Space is becoming an increasingly congested and contested environment. Defence recognises the importance of this environment as both an essential enabler of military operations and a warfighting domain in its own right.
Air Force has been designated as the space Domain Lead and is responsible for coordinating Defence’s space activities and integrating space effects across all operational domains.
The inquiry’s focus areas include space-based intelligence, surveillance and reconnaissance (ISR). The following topics are addressed in this report:
The development and management of space-based capabilities
The ISR outcomes related to space-based and other capabilities
The Defence Strategic Update 2020 states that the Government will significantly increase investment in Defence’s space capabilities. This includes plans for a network of satellites to provide an independent and sovereign communications network and an enhanced space control program. The Government will continue investment in space situational awareness, including sensors and tracking systems. Defence will work closely with industry and other government agencies to advance its space capabilities, including through the Australian Space Agency. The Government has agreed to invest around $7 billion in space capabilities over the next decade.
The Government will also continue to build Australia’s self-reliant geospatial-information and intelligence capability, both to support strategic intelligence requirements and support precision guided weapons. This will include acquisition of a sovereign space-based imagery capability to enhance coverage of the Indo-Pacific region.
In response to increasing requirements in the space domain, the Australian Defence Force (ADF) will establish the Space Division/Command within Air Force in 2022. The Committee heard that the Division will have two major roles:
One is to provide that focused leadership and coordination, to make sure that we’re not missing opportunities and that we are really, truly delivering on the government’s agenda, not only in a capability sense but also in a national sense in supporting the Australian Space Agency’s objectives…The other role that she [the Head of Space Division] will particularly carry is to be the person for space for the Australian Defence Force.
The establishment of the Australian Space Division will bring the ADF in line with other western powers who have established Space Commands including the United States, France and Germany. The Committee heard that Defence already works closely with the US Space Force on its Operation DEFENDER (under the Australian Operation DYURRA) to:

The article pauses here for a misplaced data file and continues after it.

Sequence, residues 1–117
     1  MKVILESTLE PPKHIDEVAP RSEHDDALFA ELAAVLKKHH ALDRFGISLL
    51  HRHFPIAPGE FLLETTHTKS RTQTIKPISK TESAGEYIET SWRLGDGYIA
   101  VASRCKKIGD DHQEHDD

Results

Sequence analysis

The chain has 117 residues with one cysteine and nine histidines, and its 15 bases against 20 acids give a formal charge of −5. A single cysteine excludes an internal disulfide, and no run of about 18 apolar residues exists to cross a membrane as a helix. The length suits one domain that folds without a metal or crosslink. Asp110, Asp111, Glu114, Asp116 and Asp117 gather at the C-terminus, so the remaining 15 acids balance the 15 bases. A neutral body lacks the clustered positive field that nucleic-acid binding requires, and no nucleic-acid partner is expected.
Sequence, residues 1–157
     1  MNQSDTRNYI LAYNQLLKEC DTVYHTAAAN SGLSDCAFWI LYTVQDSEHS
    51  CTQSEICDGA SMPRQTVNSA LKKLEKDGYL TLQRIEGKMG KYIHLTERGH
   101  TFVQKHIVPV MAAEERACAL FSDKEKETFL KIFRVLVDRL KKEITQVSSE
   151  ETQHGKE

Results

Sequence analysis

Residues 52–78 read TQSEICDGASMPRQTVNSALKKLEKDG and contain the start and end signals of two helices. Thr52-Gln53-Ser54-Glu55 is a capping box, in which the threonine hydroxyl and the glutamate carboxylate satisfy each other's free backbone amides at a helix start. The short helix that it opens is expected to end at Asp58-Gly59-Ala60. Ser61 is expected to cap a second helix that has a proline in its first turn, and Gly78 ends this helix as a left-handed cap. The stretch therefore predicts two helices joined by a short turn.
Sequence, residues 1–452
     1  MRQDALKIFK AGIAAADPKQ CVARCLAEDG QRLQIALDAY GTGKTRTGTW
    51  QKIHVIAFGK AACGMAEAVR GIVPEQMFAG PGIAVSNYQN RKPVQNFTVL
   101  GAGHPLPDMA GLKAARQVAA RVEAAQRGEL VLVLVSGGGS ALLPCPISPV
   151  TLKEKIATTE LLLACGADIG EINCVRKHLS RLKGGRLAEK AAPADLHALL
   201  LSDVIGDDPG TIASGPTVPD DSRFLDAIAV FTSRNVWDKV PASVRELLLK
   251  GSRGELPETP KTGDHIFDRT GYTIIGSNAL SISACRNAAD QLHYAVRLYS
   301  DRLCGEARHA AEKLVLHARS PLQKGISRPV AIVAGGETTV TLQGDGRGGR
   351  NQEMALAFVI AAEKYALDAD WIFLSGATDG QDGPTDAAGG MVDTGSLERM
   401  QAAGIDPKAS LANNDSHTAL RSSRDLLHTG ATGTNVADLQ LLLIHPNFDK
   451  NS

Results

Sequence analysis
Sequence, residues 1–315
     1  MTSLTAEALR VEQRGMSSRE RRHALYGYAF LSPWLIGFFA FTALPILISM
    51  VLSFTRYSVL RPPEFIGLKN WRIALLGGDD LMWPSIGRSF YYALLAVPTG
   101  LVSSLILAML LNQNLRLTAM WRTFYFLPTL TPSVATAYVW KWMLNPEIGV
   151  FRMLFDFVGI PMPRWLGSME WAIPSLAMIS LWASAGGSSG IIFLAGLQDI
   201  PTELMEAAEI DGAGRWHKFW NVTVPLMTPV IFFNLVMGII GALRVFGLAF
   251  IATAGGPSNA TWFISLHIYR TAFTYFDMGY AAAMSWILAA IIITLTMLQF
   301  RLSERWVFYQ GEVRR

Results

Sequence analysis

coordinate space support across multiple theatres and across all phases of conflict, from peace to war.
Defence, via its Science, Technology and Research (STaR) Shots program, intends to build resilient multi-mission space capabilities. Resilient multi-mission space ‘aims to demonstrate an operational alliance-ready space cloud system to develop resilient and trusted services direct to the warfighter to enable them to prevail in a contested environment’.
The STaR Shots program seeks to leverage advanced and emerging satellite technologies to ensure resilient and future-proof space capabilities via means including the employment of artificial intelligence (AI) in orbit, software defined radios, and upgradeable software systems which allow satellites to be upgraded and improved (in orbit) over time. Defence Science and Technology Group (DSTG) is also pursuing novel technologies in power and propulsion systems, and technologies surrounding the networking of multiple satellites so that they:
can work as a constellation, not as a single unit but network together, passing information amongst themselves autonomously so that they don’t need a human to tell them what to do; they can get the job done up there and communicate in a disrupted environment. That goes, really, to that word ‘resilient’, which means that they can continue to communicate and get the job done in a potentially hostile environment.